Overcoming Austerity Measures in Municipal Governments

Overcoming Austerity Measures in Municipal Governments

Published on July 6, 2020 / Leer en español

Research Associate

Four years after the federal law PROMESA was approved, and after nearly fifteen consecutive years of fiscal austerity measures, our public management vocabulary has adopted concepts and terms generally associated with the business sector. Since then, efforts have been made to “optimize” resources, improve “efficiency” when providing services, and achieve “self-sufficiency” in public agencies. In some cases, applying these ideas can lead to improvements in the administration and quality of public services. However, the unreserved adoption of these terms demonstrates that austerity has become the guiding discourse of government management practices. One of the cases that best reflects this dynamic is the recent proposal of the Fiscal Control Board (“the Fiscal Board”) on how to address the fiscal situation of the municipalities.

Several municipalities have certainly had a wide range of fiscal problems for decades. Many have been experiencing operational deficits for years. Corruption cases involving numerous mayors abound. This is not to mention the numerous examples of exorbitant contracts for services of dubious public performance, construction projects that were never completed, the lack of transparency in the management of municipal budgets, the unjustified salaries of mayors and their staff, and funds wasted on completely unnecessary expenses and projects. This situation has undermined the confidence of citizens towards their municipal governments. However, it has also paved the way to justify the implementation of austerity measures that do little or nothing to address these problems.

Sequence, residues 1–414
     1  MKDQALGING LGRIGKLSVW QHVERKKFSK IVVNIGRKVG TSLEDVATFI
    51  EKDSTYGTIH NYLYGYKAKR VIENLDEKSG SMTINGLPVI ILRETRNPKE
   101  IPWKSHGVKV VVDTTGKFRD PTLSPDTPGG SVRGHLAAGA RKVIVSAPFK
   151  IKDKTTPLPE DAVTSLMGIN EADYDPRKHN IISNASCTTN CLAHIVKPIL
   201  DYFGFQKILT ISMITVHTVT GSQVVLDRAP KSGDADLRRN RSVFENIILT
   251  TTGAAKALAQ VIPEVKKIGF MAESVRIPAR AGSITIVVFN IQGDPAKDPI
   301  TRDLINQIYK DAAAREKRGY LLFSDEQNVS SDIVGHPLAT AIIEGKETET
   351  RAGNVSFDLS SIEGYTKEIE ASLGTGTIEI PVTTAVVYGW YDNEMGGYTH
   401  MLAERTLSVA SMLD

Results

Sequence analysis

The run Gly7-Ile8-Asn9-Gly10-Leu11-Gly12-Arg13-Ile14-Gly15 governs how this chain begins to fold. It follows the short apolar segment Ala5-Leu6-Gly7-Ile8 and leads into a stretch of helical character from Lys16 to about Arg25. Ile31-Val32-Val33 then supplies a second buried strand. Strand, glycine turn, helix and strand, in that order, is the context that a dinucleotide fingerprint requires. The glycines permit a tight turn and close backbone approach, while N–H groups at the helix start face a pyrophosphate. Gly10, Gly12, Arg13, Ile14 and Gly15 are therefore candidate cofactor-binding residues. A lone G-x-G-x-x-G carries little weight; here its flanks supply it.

In the most recent version of its fiscal plan, the Fiscal Board proposes several municipal reforms. We are highlighting three of them: (1) eliminate, in phases, all transfers of funds from the central government to the municipalities to carry out delegated tasks (for some municipalities, these transfers represent about 80% of their budget), (2) reform the property tax system to increase revenues, and (3) consolidate municipal services across regions or counties. The plan highlights that the municipalities must guarantee more “efficiency” when providing public services through the reduction in the cost per unit of each service. Similarly, the Fiscal Board wants the municipalities to reduce their “dependence” on the central government so that they are more “self-sufficient”. Apparently, the Fiscal Board hopes that these budget cuts and tax reforms will push municipalities to reach agreements to consolidate services. The problem is that, in addition to being a perverse incentive that encourages reforms through precariousness, this idea is based on incorrect premises about the nature of the municipalities.